About Two Owls

Tuesday 21 August 2018

Dorset with creatures that buzz, fly, slither and flutter

Catching up with a selection of highlights from various walk and wildlife monitoring that Two Owls have been involved with.

Since our last blog I've had a little volunteer time helping out the RSPB with reptile monitoring, one we did about eight weeks ago during the hot weather we only found three Slow Worm, one Smooth Snake and a single Sand Lizard.   Our more recent survey was just as the hot weather broke and we had the first of the cooler days.  We went through the day recording five species of of the six reptiles found on the RSPB reserves but Adder was not found all day.  We recorded several Sand Lizard, a single Common Lizard, several Grass Snake and an immature female Smooth Snake with very individual marking which will certainly help identify her again.  We always photograph the Smooth Snakes as the patterns are like a fingerprints unique to the individual and helps when catching them again to track their movements.
Female Smooth Snake © Nick Hull
Female Sand Lizard © Nick Hull
Our Wednesday monthly walk at Durlston Country Park, where we hoped for a few early migrants, was a little dashed by the weather conditions on the morning but highlights were a pair of Gannet that cruised by close to the cliffs and butterflies seemed to be everywhere in all the sunny sheltered spots.
Two Gannets passing Anvil Point © Nick Hull
Female Common Blue © Nick Hull
Wall Brown © Nick Hull
Our Portland and Lodmoor walk found birding a little hard with south westerly winds not being ideal but an hour of seawatching produced a couple of Manx Shearwater, three Fulmar, a possible Sooty Shearwater but it was just to far out to be 100% but the "jizz" looked good for this species. Unfortunately only myself and Angus caught sight of a pale phase Arctic Skua that dodged by the Pulpit Rock.  Our lunch break at Ferrybridge gave us a few extra waders with a count of 75+ Ringed Plover, single Knot and Sanderling and many summer plumaged adult Dunlin with a few young birds scattered over the shoreline.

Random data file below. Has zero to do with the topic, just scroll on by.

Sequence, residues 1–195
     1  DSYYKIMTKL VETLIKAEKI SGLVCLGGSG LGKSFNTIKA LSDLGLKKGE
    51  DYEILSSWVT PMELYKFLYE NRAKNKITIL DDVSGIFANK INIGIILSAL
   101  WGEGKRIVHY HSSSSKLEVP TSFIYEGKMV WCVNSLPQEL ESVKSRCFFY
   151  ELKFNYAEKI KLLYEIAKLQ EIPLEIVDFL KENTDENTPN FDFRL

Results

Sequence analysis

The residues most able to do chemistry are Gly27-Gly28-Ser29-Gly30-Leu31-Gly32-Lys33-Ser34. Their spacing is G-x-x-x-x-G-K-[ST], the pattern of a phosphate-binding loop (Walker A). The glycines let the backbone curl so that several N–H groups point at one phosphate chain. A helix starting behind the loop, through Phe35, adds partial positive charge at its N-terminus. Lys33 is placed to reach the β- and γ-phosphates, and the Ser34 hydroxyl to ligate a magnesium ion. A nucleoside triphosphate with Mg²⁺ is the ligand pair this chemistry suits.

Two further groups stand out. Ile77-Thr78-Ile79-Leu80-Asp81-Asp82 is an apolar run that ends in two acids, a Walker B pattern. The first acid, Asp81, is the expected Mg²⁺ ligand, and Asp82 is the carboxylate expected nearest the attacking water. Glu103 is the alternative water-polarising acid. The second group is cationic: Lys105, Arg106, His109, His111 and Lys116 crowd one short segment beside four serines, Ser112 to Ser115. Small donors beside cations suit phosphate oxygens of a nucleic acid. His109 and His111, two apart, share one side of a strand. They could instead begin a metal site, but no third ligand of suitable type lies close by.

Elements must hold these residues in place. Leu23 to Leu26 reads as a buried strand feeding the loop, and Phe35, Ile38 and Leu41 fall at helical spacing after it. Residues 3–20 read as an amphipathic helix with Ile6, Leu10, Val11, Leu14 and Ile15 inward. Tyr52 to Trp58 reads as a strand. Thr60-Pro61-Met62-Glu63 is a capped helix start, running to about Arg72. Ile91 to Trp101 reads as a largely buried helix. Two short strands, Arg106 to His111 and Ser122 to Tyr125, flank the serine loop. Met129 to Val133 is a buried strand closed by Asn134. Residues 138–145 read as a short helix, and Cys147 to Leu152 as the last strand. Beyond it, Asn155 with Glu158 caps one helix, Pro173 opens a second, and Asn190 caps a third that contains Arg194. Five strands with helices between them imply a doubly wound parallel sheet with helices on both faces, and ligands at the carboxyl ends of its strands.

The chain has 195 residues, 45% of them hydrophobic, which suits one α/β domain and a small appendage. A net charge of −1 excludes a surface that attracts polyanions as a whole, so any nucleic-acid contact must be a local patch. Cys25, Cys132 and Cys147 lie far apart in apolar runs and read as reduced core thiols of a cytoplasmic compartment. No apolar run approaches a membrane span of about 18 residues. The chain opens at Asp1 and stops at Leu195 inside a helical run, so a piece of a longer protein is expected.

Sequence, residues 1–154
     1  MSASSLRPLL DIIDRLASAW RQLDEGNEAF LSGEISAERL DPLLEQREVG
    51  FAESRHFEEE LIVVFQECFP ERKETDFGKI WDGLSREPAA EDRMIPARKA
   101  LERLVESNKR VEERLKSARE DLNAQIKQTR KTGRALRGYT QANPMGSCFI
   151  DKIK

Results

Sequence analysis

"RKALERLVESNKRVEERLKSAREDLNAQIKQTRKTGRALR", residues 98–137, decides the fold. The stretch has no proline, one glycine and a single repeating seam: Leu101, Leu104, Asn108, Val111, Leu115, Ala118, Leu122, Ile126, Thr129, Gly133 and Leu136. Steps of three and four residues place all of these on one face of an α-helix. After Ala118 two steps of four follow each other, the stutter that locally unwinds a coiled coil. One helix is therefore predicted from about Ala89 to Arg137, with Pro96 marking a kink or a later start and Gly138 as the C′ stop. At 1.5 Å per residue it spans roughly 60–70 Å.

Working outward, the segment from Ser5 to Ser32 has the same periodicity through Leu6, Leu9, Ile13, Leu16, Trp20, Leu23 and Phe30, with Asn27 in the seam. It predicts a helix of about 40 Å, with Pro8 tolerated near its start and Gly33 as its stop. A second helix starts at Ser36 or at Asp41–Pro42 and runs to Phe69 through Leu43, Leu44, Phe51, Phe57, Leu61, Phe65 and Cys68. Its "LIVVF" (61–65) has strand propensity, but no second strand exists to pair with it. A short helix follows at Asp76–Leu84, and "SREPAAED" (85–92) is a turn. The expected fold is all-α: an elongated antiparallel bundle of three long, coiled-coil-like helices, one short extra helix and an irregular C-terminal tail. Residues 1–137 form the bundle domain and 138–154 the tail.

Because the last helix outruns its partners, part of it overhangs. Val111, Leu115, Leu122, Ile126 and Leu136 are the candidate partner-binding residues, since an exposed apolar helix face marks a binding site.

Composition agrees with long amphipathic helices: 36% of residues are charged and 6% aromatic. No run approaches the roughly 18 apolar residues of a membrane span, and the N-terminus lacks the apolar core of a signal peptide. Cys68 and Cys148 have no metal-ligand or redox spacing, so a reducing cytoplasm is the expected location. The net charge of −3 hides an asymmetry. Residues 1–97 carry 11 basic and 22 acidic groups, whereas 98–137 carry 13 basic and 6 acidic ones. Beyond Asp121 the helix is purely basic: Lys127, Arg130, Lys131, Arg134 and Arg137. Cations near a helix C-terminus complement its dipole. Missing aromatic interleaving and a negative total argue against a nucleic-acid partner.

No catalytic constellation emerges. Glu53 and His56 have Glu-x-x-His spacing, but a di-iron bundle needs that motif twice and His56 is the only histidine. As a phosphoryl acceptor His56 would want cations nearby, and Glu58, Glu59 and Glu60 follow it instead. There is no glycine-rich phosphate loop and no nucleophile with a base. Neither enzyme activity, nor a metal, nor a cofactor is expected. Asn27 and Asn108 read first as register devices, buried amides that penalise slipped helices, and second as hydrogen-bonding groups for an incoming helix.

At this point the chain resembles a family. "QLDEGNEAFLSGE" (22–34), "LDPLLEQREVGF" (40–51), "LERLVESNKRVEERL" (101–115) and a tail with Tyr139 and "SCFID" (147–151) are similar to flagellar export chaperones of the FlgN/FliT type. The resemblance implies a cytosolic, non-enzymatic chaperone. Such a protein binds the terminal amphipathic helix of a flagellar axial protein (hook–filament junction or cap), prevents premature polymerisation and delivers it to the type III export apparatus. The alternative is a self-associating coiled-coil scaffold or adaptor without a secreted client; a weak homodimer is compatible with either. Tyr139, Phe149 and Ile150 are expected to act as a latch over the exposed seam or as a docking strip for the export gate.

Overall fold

Lodmoor was somewhat more productive with a good selection of the usual waterfowl with the added bonus of two Great White Egret, three Common Sandpiper, five Sandwich Tern a good number of different aged Mediterranean Gull and a single juvenile Yellow-legged Gull which was pointed out by birding friend Brett Spencer, a real gull enthusiast which enabled us to go through and see many of the features in direct comparison to the immature Herring and Great Black-backed Gulls nearby.
Great White Egret - Lodmoor © Nick Hull
Occasionally I help out with the Bat box monitoring at Arne when I have a chance it's a great way of learning more and getting up close with these super flying mammals. Last Saturday I was able to join Chris Dieck and a small number of Dorset Bat Group.  Checking the RSPB Bat boxes specifically for the Natterer's Bat project.  By the end of the day we had processed 110 Natterer's Bats (a new Arne record), 19 of these had not been ringed before which hopefully adds to the knowledge of the population movement around the reserve.  We also recorded three Soprano Pipistrelle bats and was able to show one or two to the public which was very appreciated particularly by one lady who had always wanted to see a bat up close.
One of the ringed Natterer's Bats © Nick Hull
Jackie also found a Wasp Spider a week or two ago in the lavender in the Arne wildlife garden and yesterday lunchtime we visited to top up on our Hedgehog food and checked to find she was still there. 
Female Wasp Spider - Arne Wildlife Garden © Nick Hull
The Wildlife garden has been an amazing attraction to an enormous amount of insect life if you visit it's always worth a look around there are some amazing creatures to be found feeding on the flowers or feeding on the insects that visit.  Below The Crucifer Shieldbug was a first for me as was the Median Wasp a species which was first recorded in the 1980's and has spread slowly and now has been recorded in Scotland.  They are a large wasp but not as large as the Hornet but like there bigger relative they will catch other insect to take back to the nest to feed the queen.

Crucifer Shieldbug-Eurydema ornata © Nick Hull
Dolichovespula media - worker Median Wasp
We also had a quick check at the new scrape at Sunnyside Farm and what an improvement and it enabled Jackie to catch up on Wood Sandpiper.  There was also Little Ringed Plover and Snipe plus a Hobby came over but with much of the autumn migration left to go this could be a very good place to see passing waders and more.
Distant shot of Wood Sandpiper- Sunnyside Farm © Nick Hull